We Are All Intelligence Officers Now

Good morning. Thank you for the invitation to speak with you today, which, let me be clear, is me speaking for myself, not for anyone or anything else. As you know, I work the cyber security trade, that is to say that my occupation is cyber security. Note that I said "occupation" rather than "profession." Last September, the U.S. National Academy of Sciences concluded that cyber security should be seen as an occupation and not a profession because the rate of change is simply too great to consider professionalization.[NAS] You may well agree that that rate of change is paramount, and, if so, you may also agree that cyber security is the most intellectually demanding occupation on the planet. 

 The goal of the occupation called cyber security grows more demanding with time, which I need tell no one here. That growth is like a river with many tributaries. Part of the rising difficulty flows from rising complexity, part of it from accelerating speed, and part of it from the side effects of what exactly we would do if this or that digital facility were to fail entirely -- which is to say our increasing dependence on all things digital. One is at risk when something you depend upon is at risk. Risk is, in other words, transitive. If X is at risk and I depend on X, then I, too, am at risk to whatever makes X be at risk. Risk is almost like inheritance in a programming language.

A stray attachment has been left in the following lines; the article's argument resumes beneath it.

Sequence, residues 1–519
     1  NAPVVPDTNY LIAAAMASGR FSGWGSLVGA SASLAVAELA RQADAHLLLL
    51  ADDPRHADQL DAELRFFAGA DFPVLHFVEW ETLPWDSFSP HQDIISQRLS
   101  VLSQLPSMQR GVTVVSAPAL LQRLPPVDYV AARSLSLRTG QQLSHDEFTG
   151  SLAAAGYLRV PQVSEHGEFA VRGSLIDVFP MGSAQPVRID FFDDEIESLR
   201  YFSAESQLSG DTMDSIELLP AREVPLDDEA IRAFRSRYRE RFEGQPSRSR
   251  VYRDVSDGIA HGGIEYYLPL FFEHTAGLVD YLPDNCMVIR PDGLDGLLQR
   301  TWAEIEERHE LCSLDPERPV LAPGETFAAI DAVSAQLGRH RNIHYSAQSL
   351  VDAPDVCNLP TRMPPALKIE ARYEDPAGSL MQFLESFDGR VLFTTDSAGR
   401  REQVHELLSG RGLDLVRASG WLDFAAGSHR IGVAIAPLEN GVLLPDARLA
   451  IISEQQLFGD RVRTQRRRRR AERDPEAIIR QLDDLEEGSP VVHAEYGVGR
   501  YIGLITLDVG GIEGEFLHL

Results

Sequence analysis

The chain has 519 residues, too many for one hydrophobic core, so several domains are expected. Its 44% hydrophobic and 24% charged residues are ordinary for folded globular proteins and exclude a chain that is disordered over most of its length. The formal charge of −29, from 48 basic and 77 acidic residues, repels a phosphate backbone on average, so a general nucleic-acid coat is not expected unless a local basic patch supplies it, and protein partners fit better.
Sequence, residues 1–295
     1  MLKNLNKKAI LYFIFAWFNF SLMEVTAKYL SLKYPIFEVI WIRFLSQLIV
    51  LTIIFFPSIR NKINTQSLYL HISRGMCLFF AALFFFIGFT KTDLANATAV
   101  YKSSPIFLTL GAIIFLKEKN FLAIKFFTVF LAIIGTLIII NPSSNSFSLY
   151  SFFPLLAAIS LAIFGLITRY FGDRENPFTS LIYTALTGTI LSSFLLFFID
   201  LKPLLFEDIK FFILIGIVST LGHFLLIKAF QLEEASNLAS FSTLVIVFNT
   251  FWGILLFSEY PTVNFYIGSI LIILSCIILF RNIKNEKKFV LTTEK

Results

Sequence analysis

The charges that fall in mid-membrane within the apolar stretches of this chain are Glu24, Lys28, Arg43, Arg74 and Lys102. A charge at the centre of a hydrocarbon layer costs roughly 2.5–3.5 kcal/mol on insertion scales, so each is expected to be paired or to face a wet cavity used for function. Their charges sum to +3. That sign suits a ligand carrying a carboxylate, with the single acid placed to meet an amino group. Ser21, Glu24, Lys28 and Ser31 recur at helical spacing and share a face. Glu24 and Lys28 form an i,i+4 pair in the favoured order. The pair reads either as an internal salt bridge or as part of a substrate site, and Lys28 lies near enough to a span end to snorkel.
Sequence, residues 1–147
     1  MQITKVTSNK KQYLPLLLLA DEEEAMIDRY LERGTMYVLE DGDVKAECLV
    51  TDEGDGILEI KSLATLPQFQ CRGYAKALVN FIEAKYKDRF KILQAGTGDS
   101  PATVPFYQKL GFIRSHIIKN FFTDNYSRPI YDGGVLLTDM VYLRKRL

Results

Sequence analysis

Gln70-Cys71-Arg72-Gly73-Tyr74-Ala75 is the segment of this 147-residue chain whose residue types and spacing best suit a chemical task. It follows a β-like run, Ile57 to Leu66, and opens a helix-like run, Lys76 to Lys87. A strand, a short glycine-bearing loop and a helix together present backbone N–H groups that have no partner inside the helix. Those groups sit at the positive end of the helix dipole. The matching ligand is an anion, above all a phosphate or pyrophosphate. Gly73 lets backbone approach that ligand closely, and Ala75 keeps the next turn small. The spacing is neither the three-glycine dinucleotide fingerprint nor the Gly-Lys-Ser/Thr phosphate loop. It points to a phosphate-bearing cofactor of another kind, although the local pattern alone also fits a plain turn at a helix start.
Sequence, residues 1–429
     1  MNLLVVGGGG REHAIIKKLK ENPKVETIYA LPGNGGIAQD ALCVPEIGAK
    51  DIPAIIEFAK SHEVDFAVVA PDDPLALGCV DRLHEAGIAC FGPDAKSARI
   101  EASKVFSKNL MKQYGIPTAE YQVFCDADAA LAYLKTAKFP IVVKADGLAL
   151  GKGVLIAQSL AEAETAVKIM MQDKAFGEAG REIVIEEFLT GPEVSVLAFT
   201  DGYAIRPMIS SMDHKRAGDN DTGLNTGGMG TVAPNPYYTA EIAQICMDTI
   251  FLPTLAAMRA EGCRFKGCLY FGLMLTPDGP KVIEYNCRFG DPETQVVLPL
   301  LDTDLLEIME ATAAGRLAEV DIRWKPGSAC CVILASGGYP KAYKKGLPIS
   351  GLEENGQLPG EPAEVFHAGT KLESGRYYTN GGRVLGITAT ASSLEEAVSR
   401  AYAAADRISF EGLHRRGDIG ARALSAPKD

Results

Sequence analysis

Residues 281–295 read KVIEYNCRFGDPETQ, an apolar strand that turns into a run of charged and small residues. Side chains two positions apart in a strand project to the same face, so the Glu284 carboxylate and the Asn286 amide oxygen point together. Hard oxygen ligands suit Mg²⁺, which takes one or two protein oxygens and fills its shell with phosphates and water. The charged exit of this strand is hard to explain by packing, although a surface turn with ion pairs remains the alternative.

I am particularly fond of the late Peter Bernstein's definition of risk: "More things can happen than will."[PB] I like that definition not because it tells me what to do, but rather because it tells me what comes with any new expansion of possibilities. Put differently, it tells me that with the new, the realm of the possible expands and, as we know, when the realm of the possible expands, prediction is somewhere between difficult and undoable. The dynamic is that we now regularly, quickly expand our dependence on new things, and that added dependence matters because the way in which we each and severally add risk to our portfolio is by way of dependence on things for which their very newness makes risk estimation, and thus risk management, neither predictable nor perhaps even estimable. 

 The Gordian Knot of such tradeoffs -- our tradeoffs -- is this: As society becomes more technologic, even the mundane comes to depend on distant digital perfection. Our food pipeline contains less than a week's supply, just to take one example, and that pipeline depends on digital services for everything from GPS driven tractors to robot vegetable sorting machinery to coast-to-coast logistics to RFID-tagged livestock. Is all the technologic dependency, and the data that fuels it, making us more resilient or more fragile?...


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